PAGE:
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|Mass number||289 (most stable isotope) (unconfirmed: 290)|
|Flerovium in the periodic table|
|Atomic number (Z)||114|
|Group||group 14 (carbon group)|
|Element category||post-transition metalunknown chemical properties, but probably a|
|Electron configuration||[Rn] 5f14 6d10 7s2 7p2 (predicted)|
Electrons per shell
|2, 8, 18, 32, 32, 18, 4 (predicted)|
|Phase at STP||Fl: Unknown phase (predicted)|
|Boiling point||~ 210 K (~ −60 °C, ~ −80 °F) |
|Density when liquid (at m.p.)||14 g/cm3 (predicted)|
|Heat of vaporization||38 kJ/mol (predicted)|
|Oxidation states||(0), (+1), (+2), (+4), (+6) (predicted)|
|Atomic radius||empirical: 180 pm (predicted)|
|Covalent radius||171–177 pm (extrapolated)|
|Natural occurrence||Fl: Synthetic|
|Crystal structure|| face-centered cubic (fcc)|
|Naming||after Flerov Laboratory of Nuclear Reactions (itself named after Georgy Flyorov)|
|Discovery||Joint Institute for Nuclear Research (JINR) and Lawrence Livermore National Laboratory (LLNL) (1999)|
|Main isotopes of flerovium|
It currently has no use at the moment as it is being researched right now.
The discovery of Flerovium in December 1998 was reported in January 1999 by scientists at the Joint Institute for Nuclear Research in Dubna, Russia. The same team of scientists made another isotope of Fl three months later and made it again in 2004 and 2006.
In 2004 in the Joint Institute for Nuclear Research checked it was made by another method. They found the final products of radioactive decay.
Not enough Flerovium has been made to measure its physical or chemical properties. It is thought that it would be a soft, dense metal that changes colour in air. It may have a low melting point of about 200 °C.
298Fl - An undiscovered neutron-rich nucleus
According to the nuclear shell model, the undiscovered neutron-rich nucleus 298Fl may be a doubly magic nucleus, atop the shell closure at N=184. It is predicted that this atom, amid the closed nuclear shells, expected to have longer half-lives for alpha decay and spontaneous fission. However using the fusion-evaporation method to produce this nuclide is impractical, since more neutron-rich starting materials with low proton numbers are unstable due to beta decay.
Estimates for half-lives for this atom range from a few minutes to several billion years.
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- Schwerdtfeger, Peter; Seth, Michael (2002). "Relativistic Quantum Chemistry of the Superheavy Elements. Closed-Shell Element 114 as a Case Study". Journal of Nuclear and Radiochemical Sciences 3 (1): 133–136. http://www.radiochem.org/paper/JN31/30.pdf. Retrieved 12 September 2014.
- Pershina, Valeria. "Theoretical Chemistry of the Heaviest Elements". In Schädel, Matthias; Shaughnessy, Dawn. The Chemistry of Superheavy Elements (2nd ed.). Springer Science & Business Media. p. 154. .
- Bonchev, Danail; Kamenska, Verginia (1981). "Predicting the Properties of the 113–120 Transactinide Elements". Journal of Physical Chemistry (American Chemical Society) 85 (9): 1177–1186. . https://www.researchgate.net/publication/239657207_Predicting_the_properties_of_the_113_to_120_transactinide_elements.
- Maiz Hadj Ahmed, H.; Zaoui, A.; Ferhat, M. (2017). "Revisiting the ground state phase stability of super-heavy element Flerovium". Cogent Physics 4 (1). . https://www.tandfonline.com/doi/full/10.1080/23311940.2017.1380454. Retrieved 26 November 2018.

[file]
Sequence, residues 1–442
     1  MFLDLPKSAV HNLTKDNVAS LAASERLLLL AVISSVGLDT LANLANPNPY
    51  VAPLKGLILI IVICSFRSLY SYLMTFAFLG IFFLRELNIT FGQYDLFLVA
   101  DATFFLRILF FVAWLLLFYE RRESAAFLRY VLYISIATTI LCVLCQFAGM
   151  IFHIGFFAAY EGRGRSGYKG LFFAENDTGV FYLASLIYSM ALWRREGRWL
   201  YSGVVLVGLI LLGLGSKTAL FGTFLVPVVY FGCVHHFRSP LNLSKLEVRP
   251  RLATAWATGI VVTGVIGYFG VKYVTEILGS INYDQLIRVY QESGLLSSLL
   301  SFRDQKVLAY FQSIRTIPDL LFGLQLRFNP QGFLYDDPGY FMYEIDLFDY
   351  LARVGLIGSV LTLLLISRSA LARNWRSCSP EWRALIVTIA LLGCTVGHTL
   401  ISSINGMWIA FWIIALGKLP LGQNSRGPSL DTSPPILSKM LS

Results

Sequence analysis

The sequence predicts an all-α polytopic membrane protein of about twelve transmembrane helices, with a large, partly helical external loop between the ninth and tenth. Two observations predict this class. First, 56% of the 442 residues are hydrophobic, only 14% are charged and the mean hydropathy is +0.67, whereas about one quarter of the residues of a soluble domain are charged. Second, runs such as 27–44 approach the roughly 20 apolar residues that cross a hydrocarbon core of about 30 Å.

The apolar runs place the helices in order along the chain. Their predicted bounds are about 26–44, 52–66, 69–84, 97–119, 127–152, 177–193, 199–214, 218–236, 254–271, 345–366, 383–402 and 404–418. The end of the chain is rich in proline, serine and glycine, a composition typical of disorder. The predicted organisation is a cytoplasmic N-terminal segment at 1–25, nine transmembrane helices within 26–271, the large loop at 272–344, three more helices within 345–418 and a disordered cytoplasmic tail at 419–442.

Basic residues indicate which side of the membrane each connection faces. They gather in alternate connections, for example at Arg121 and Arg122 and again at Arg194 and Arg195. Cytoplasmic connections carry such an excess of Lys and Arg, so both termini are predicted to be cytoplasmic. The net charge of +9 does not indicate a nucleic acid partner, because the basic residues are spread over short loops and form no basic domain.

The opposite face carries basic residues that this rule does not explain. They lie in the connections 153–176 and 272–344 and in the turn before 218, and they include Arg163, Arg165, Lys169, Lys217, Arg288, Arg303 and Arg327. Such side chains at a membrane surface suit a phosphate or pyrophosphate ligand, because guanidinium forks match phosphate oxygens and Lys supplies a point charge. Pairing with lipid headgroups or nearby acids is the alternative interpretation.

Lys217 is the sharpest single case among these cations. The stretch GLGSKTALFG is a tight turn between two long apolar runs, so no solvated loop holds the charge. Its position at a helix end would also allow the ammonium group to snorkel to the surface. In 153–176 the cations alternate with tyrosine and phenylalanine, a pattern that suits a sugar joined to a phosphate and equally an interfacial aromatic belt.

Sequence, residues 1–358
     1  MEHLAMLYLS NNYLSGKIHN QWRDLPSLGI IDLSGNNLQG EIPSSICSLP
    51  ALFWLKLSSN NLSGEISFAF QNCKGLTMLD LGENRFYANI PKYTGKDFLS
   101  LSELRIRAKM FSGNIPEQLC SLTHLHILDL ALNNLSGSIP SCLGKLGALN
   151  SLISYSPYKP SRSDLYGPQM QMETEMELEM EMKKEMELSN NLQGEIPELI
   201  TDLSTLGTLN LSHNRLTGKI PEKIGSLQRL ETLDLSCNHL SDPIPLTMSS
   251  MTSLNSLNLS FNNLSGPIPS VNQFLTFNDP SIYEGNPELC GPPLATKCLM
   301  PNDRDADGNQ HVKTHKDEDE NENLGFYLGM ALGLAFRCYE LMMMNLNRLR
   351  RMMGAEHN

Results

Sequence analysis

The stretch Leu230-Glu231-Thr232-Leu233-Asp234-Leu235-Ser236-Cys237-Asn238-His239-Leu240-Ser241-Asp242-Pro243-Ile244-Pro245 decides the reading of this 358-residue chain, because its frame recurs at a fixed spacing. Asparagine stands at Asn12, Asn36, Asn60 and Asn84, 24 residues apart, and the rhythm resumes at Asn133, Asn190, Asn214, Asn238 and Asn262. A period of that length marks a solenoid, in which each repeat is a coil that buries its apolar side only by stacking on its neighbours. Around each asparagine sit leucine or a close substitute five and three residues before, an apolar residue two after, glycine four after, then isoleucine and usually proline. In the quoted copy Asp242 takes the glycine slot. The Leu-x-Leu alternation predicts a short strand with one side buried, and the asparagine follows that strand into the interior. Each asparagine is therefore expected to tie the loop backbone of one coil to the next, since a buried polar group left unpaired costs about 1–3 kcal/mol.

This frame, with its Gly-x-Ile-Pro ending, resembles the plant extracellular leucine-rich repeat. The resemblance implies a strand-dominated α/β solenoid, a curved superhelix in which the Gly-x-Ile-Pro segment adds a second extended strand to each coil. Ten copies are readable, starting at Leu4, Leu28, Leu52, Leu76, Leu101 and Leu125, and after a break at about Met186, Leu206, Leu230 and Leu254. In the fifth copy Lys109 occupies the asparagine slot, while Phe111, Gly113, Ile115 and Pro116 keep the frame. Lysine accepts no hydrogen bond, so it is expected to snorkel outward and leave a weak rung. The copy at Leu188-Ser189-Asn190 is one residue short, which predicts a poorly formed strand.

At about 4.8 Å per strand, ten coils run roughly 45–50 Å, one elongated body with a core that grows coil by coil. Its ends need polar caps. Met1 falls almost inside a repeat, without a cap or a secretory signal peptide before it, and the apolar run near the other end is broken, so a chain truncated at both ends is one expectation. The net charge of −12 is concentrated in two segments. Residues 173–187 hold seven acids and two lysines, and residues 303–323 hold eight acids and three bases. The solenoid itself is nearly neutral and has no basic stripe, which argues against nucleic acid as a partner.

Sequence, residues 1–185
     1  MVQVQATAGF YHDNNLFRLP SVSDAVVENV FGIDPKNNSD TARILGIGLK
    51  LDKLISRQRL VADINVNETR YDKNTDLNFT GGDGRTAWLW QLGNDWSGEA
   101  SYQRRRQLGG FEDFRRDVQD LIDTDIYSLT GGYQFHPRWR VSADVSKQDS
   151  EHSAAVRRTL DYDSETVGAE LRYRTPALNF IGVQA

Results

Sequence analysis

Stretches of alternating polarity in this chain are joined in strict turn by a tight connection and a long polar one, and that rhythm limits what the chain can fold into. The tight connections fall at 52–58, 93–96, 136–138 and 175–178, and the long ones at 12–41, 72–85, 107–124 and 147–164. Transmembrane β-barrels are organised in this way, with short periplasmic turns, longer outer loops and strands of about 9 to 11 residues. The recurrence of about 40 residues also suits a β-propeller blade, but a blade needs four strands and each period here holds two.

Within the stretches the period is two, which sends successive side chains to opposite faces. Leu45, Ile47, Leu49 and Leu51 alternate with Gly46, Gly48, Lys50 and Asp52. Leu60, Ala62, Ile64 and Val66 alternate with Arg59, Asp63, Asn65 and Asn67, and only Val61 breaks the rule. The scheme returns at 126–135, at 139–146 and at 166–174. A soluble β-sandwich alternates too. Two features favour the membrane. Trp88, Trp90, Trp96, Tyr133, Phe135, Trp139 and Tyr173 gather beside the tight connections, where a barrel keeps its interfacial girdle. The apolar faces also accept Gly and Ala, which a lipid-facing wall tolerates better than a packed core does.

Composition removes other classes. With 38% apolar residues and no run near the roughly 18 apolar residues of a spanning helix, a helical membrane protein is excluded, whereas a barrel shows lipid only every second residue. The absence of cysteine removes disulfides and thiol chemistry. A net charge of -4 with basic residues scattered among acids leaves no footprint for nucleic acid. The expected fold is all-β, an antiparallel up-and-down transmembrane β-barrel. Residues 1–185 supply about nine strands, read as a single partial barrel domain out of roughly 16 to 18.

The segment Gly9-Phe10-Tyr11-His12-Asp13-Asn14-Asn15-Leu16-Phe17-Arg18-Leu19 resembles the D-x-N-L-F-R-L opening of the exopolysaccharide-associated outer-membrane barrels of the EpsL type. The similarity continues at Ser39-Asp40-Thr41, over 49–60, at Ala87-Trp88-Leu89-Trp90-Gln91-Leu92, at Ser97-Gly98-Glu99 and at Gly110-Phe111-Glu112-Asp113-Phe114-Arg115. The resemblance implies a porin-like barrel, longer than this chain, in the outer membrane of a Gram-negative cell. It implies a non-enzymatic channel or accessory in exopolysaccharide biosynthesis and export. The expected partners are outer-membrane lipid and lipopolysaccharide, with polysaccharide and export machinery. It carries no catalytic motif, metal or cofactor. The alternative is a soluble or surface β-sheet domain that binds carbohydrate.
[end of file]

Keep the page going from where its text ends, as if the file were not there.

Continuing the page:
- IUPAC (30 May 2012). "Element 114 is Named Flerovium and Element 116 is Named Livermorium". Press release. http://www.iupac.org/news/news-detail/article/element-114-is-named-flerovium-and-element-116-is-named-livermorium.html.
- Utyonkov, V.K. | display-authors = etal (2015) Synthesis of superheavy nuclei at limits of stability: 239,240Pu + 48Ca and 249–251Cf + 48Ca reactions. Super Heavy Nuclei International Symposium, Texas A & M University, College Station TX, USA, March 31 – April 02, 2015
- Utyonkov, V. K.; Brewer, N. T.; Oganessian, Yu. Ts.; Rykaczewski, K. P.; Abdullin, F. Sh.; Dmitriev, S. N.; Grzywacz, R. K.; Itkis, M. G. et al. (15 September 2015). "Experiments on the synthesis of superheavy nuclei 284Fl and 285Fl in the 239,240Pu + 48Ca reactions". Physical Review C 92 (3): 034609. .
- Utyonkov, V. K.; Brewer, N. T.; Oganessian, Yu. Ts.; Rykaczewski, K. P.; Abdullin, F. Sh.; Dimitriev, S. N.; Grzywacz, R. K.; Itkis, M. G. et al. (30 January 2018). "Neutron-deficient superheavy nuclei obtained in the 240Pu+48Ca reaction". Physical Review C 97 (14320): 1–10. .
- (2016) "Remarks on the Fission Barriers of SHN and Search for Element 120" in Exotic Nuclei. : 155–164.
- Hofmann, S.; Heinz, S.; Mann, R.; Maurer, J.; Münzenberg, G.; Antalic, S.; Barth, W.; Burkhard, H. G. et al. (2016). "Review of even element super-heavy nuclei and search for element 120". The European Physics Journal A 2016 (52): 180. .
- Kaji, Daiya; Morita, Kosuke; Morimoto, Kouji; Haba, Hiromitsu; Asai, Masato; Fujita, Kunihiro; Gan, Zaiguo; Geissel, Hans et al. (2017). "Study of the Reaction 48Ca + 248Cm → 296Lv* at RIKEN-GARIS". Journal of the Physical Society of Japan 86 (3): 034201–1–7. .
- Oganessian, Yu. Ts. (October 1999). "Synthesis of Superheavy Nuclei in the 48Ca + 244Pu Reaction". Physical Review Letters 83: 3154. . http://link.aps.org/abstract/PRL/v83/p3154.
- Oganessian (July 1999). "Synthesis of nuclei of the superheavy element 114 in reactions induced by 48Ca". Nature 400: 242. .
- Element 114 is Named Flerovium and Element 116 is Named Livermorium
- Karpov, A. V.; Zagrebaev, V. I.; Palenzuela, Y. M. et al. (2012). "Decay properties and stability of the heaviest elements". International Journal of Modern Physics E 21 (2): 1250013-1–1250013-20. . http://nrv.jinr.ru/karpov/publications/Karpov12_IJMPE.pdf.
- WebElements.com - Uuq
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